Cytidine deaminase deficiency in tumor cells is associated with sensitivity to a naphthol derivative and a decrease in oncometabolite levels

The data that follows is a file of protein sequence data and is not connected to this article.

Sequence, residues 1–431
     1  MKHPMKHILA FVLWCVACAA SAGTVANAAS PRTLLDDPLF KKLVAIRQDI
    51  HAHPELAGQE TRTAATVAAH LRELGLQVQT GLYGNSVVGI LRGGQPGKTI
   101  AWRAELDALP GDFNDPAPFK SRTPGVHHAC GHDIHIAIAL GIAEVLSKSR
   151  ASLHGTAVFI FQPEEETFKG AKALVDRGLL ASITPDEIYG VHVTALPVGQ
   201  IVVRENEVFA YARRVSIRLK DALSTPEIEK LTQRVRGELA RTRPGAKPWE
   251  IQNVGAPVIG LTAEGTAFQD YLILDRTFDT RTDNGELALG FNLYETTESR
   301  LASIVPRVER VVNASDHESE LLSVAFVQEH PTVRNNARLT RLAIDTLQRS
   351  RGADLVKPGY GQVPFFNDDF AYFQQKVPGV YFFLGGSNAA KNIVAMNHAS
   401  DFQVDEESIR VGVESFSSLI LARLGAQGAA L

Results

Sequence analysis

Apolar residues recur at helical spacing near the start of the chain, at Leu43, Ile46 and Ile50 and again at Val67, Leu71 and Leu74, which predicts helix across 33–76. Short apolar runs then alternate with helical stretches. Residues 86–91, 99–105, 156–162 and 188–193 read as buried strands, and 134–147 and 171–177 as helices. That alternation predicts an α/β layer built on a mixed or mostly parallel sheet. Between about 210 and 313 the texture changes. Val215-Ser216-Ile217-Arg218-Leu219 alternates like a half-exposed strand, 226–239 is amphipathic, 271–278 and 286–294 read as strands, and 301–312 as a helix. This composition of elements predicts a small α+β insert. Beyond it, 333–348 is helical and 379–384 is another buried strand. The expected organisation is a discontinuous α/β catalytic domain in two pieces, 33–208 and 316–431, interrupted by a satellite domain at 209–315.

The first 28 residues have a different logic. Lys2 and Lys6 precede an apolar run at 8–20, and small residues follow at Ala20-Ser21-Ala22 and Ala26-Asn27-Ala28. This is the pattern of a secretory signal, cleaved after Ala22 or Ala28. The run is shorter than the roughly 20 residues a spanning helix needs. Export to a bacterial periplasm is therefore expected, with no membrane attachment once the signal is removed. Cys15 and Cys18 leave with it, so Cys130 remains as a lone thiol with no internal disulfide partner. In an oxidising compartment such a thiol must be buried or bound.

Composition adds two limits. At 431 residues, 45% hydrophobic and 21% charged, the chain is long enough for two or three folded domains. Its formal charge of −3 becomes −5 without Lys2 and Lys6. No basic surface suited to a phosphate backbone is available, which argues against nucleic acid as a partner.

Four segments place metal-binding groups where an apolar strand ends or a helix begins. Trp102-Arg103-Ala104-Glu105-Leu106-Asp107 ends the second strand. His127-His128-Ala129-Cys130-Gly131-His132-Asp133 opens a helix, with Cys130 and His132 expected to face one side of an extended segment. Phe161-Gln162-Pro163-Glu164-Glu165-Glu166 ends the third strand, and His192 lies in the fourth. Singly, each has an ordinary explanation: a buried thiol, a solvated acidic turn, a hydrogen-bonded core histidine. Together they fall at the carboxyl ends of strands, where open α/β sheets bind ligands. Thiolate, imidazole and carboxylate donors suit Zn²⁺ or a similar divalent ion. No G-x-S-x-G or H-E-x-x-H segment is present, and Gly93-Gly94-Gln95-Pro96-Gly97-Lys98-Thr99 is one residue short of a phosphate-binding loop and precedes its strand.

AbstractIdentifying new molecular targets for novel anticancer treatments is a major challenge in clinical cancer research. We have shown that cytidine deaminase (CDA) expression is downregulated in about 60% of cancer cells and tissues. In this study, we aimed to develop a new anticancer treatment specifically inhibiting the growth of CDA-deficient tumor cells. High-throughput screening of a chemical library led to the identification of a naphthol derivative, X55, targeting CDA-deficient tumor cells preferentially, without affecting the growth of non-tumoral cells regardless of CDA expression status. Metabolomic profiling revealed that CDA-deficient HeLa cells differed markedly from control HeLa cells. X55 treatment had a moderate effect on control cells, but greatly disturbed the metabolome of CDA-deficient HeLa cells, worsening the deregulation of many metabolites. In particular, the levels of the three oncometabolites, fumarate, succinate and 2-hydroxyglutarate, were significantly lower in CDA-depleted cells, and this decrease in levels was exacerbated by X55 treatment, revealing an unexpected link between CDA deficiency, mitochondrial function and X55 response. Finally, we identified strong downregulation of MAPT (encoding Tau, a microtubule associated protein) expression as a reliable predictive marker for tumor cell X55 sensitivity.